The landscape changes dramatically as if all the trees were changed into different species. Ibaraki provides various scenic spots for visitors to take nice pictures, and from mid-October till mid-November is the best time to visit. Also, autumn is the season of feast in the bounty of fruit, seafood and vegetables.

Fukuroda Falls

At 120 meters in height and 73 meters wide, Fukuroda Falls is one of the three most splendid waterfalls in Japan. You can view the falls up close from observation decks, and the surrounding foliage will also amaze you, especially in autumn. In the severe cold of winter, the falls ice over, creating a tranquil atmosphere. They are also becoming popular as a lovers’ sanctuary.

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Ryujin Big Suspension Bridge (Ryujin Gorge)

A dam creates a placid lake surrounded by mountains in Ryujin Gorge. The gorge features a 375-meter-long suspension bridge which is decorated with countless traditional carp streamers around Children’s Day in spring, in the hope that children will grow up to be healthy and strong. A 100-meter-high bungee jump from the bridge is another attraction here.

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Kochia at Hitachi Seaside Park

Hitachinaka City

 Kochia plants are grown from July to the end of October on a large hill in Hitachi Seaside Park. The kochia are green at first, but the most popular time for viewing them is mid-October, when they turn scarlet red. For a week in August, the green kochia-covered hill is lit up in the evening, creating a colorful dream-like world.

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Ibaraki Prefectural Museum of History

The Ibaraki Prefectural Archives and Museum exhibits historical artifacts from ancient to modern times. The museum hosts special exhibitions twice a year and themed exhibitions six times a year. Rows of gingko trees provide beautiful yellow foliage in autumn. On the grounds, an old elementary school building called Mitsukaido Shogakko is well worth seeing, and the Kairakuen Garden is just a few steps away.

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Tsuchiura All Japan Fireworks Competition

The Tsuchiura All Japan Fireworks Competition takes place annually on the first Saturday in October. Roughly 20,000 fireworks are launched and nearly 700,000 people come to see them. Don’t miss the gorgeous star mine that lasts for five minutes at around 7:00 pm. Most impressive, it is the highlight of the event.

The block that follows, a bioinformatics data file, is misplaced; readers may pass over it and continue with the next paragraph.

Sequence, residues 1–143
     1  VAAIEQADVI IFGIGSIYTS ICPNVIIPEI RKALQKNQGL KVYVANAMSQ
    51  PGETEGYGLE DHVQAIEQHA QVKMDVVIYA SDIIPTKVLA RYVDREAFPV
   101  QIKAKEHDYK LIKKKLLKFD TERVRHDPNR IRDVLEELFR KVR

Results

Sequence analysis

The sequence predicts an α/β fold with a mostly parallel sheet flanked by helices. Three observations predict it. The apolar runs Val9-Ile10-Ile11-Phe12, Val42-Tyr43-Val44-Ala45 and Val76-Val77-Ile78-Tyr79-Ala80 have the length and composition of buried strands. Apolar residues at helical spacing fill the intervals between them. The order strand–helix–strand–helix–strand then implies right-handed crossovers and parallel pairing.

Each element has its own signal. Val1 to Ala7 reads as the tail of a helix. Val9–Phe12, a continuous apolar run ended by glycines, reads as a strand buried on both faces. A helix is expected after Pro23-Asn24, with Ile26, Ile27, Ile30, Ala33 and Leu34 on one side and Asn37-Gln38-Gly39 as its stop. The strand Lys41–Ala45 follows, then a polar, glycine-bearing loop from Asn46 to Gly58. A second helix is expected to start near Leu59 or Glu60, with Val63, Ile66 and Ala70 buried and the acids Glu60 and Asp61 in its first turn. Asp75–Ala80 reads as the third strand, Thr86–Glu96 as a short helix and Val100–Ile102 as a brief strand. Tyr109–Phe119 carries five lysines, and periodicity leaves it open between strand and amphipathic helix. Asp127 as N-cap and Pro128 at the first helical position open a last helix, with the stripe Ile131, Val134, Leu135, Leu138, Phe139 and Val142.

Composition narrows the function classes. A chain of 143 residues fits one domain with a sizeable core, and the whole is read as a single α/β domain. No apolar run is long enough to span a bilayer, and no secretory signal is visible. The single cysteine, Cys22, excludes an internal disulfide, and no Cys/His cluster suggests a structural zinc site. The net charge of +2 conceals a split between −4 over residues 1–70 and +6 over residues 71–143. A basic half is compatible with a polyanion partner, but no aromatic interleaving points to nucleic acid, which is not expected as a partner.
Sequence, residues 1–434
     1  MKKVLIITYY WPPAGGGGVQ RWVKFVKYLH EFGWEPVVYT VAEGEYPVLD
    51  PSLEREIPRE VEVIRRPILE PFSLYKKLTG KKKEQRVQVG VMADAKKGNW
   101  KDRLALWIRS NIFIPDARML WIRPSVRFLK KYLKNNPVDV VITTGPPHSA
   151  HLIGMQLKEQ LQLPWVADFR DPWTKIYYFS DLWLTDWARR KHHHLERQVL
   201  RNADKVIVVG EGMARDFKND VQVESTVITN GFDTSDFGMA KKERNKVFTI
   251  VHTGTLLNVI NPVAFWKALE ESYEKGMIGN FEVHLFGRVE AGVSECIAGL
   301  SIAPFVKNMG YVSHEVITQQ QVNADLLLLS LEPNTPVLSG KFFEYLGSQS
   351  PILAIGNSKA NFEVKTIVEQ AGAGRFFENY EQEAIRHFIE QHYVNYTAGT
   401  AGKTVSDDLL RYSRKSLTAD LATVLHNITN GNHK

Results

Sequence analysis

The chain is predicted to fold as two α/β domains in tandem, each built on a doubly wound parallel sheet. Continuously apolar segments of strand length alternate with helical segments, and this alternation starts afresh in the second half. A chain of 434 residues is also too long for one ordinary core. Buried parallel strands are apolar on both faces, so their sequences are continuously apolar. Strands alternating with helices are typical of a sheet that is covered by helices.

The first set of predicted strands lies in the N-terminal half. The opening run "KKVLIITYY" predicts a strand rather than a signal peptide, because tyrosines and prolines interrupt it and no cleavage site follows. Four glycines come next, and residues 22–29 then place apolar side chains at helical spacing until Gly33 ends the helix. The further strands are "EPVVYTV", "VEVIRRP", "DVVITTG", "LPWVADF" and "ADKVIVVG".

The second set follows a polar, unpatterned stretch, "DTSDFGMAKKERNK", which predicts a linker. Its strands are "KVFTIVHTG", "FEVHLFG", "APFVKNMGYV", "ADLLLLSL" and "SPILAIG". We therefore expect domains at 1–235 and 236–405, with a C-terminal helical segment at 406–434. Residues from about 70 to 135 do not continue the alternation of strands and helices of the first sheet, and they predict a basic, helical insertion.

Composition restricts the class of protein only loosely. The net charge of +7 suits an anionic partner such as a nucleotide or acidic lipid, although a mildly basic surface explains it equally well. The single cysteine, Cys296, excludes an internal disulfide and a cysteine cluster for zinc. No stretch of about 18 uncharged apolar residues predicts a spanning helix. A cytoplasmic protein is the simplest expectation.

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Mt. Tsukuba

Mt. Tsukuba, 877 meters high, is a symbol of Ibaraki, and mountain climbing can be enjoyed there throughout the year. For non-climbers, going to the top by cable car or ropeway is fun. Viewing the stars twinkling in the winter night sky is amazing. Halfway up the mountain stands Tsukubasan Shrine, which has a history of over 3,000 years.

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Hananuki Gorge

Hananuki Gorge features a series of waterfalls that cascade down into basins of various sizes. The gorge has a dam and streams, and along them there are walkways from which seasonal natural beauty can be enjoyed. The highlight is the view seen from a 60-meter-long suspension bridge. The colored leaves in mid-November draw a growing number of visitors from all over Japan.

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Nishikanasago Soba no Sato, Soba Koubou

Hitachiota City

  Soba is noodles made from buckwheat flour. The Kanasago area is famous for its high-quality buckwheat, which features a good flavor and aroma. Nishkanasago Soba no Sato has a simple lodge called Momiji-so, a water mill, and a folk museum. You can try making soba in their workshop.


The Ishioka Festival is one the three most popular festivals in the Kanto region. You will be awed by the huge, magnificent portable shrine, where the deity is believed to temporarily stay, as well as amazed at the gorgeous festival floats and spirited lion mask performances. You can also see sumo matches and kagura (dancing to music), both of which afford you the opportunity of getting a close-up view of traditional cultural beauty and energy.

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Kasama Chrysanthemum Festival

Kasama Inari Shrine/Kasama City

  From late October to late November, the Kasama Chrysanthemum Festival is held at Kasama Inari Shrine. The festival has a history of over 110 years, which makes it the oldest chrysanthemum festival in Japan. Nearly 10,000 potted chrysanthemums are displayed throughout the shrine grounds, and, in particular, dolls and decorations skillfully made using chrysanthemums draw lots of visitors. Some traditional events such as yabusame (horseback archery) and Shinto rituals with music are also held during the festival.

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Pear Picking

The season for pear picking is from mid-August to late September. Ibaraki pears are juicy, with a crisp texture, and Ibaraki is one of the major pear producers in Japan.

Grape Picking

Late June to early October is the best time to harvest grapes. On a tourist farm you can try picking bunches of grapes and eat them on-site. Various kinds of grapes, from kyoho to shine muscat grapes, are available.

Apple Picking

Apples are picked from September to November. Ibaraki’s apples are mainly grown in the northern area of the prefecture, where the climate is cooler. The apples in Ibaraki are big and sweet with a pleasant aroma.

Chestnut Gathering

Chestnuts are gathered from early September to mid-October. Ibaraki’s quality chestnuts are big and smell sweet. Japanese people usually eat chestnuts after baking or boiling them, and they are used in producing various kinds of processed sweets.